If I’ve learned anything from being homeless, and my struggles against it, is that most people, nearly all people, don’t understand homelessness. Moreover, they don’t WANT to understand homelessness.
Even if they explore homelessness, their own ideas, own prejudices and bigotry, filter out much of the reality that is homelessness. People just don’t seem to want to know. Perhaps it’s all just too uncomfortable for them.
On a brighter note, I do think that compassion for homeless people is on the rise, and that is a good thing. But again, that compassion is being hampered by a certain willful ignorance. It’s a bit disheartening to be in a kitchen where lunch is being prepared for the homeless, only to hear the cook and other volunteers speaking disparagingly about homeless people. (I have seen such things happen.)
When a homeless person is able to improve his life, so that he makes a concerted effort to leave homelessness, usually the first thing he does is fix his appearance – he showers and shaves and get a hair cut, he finds clean clothes to wear that are in good repair – and then people begin deny him help because he doesn’t “look homeless”. It is all very disconcerting.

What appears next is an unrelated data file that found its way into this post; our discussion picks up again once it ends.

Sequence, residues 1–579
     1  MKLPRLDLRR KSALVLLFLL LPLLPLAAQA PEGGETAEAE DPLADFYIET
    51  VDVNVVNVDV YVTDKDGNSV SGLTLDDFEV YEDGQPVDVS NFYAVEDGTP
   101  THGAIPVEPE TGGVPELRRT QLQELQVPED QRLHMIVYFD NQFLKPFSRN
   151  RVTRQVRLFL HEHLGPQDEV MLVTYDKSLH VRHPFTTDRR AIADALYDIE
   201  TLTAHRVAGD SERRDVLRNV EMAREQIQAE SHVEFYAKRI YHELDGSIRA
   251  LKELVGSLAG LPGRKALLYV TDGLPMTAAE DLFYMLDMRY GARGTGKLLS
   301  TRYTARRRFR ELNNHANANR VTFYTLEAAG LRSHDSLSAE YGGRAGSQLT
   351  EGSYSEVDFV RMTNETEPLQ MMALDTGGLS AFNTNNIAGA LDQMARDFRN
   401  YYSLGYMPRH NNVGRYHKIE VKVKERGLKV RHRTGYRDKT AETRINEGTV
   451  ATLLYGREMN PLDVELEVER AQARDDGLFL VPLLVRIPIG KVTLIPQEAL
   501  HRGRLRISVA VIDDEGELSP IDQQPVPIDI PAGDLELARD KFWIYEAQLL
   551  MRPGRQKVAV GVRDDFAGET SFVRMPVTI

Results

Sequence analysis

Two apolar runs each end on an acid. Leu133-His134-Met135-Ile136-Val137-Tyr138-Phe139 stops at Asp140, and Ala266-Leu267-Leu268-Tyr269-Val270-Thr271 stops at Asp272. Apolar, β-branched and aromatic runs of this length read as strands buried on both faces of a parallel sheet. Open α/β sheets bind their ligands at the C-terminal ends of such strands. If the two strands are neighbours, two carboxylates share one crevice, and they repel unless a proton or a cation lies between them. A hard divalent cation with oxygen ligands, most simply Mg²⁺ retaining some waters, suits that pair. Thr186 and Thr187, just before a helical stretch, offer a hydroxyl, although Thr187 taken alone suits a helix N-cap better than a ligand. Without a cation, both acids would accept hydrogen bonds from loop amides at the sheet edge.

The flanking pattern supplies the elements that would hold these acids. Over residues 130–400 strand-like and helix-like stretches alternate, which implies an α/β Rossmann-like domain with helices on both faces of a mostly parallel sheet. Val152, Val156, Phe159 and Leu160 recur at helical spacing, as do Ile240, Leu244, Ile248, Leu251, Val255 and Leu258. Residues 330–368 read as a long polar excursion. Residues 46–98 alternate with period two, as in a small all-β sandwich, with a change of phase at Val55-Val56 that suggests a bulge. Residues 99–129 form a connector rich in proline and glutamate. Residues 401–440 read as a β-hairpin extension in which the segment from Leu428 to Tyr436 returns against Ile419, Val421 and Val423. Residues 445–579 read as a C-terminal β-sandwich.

For the vendors of the homeless newspaper in Nashville, it’s a delicate balance. If they look too disheveled, people will not buy papers from them. On the other hand, if they look too well kept, so that they no longer look impoverished, people will not buy papers from them either. When a vendor makes enough money to buy himself some new clothes, it’s best that he does not wear them while selling the paper, other wise it will adversely affect his business. Only when people (the general population) educate themselves to the realities of homelessness, and deal with the homeless forthrightly, will things ever really change for the homeless.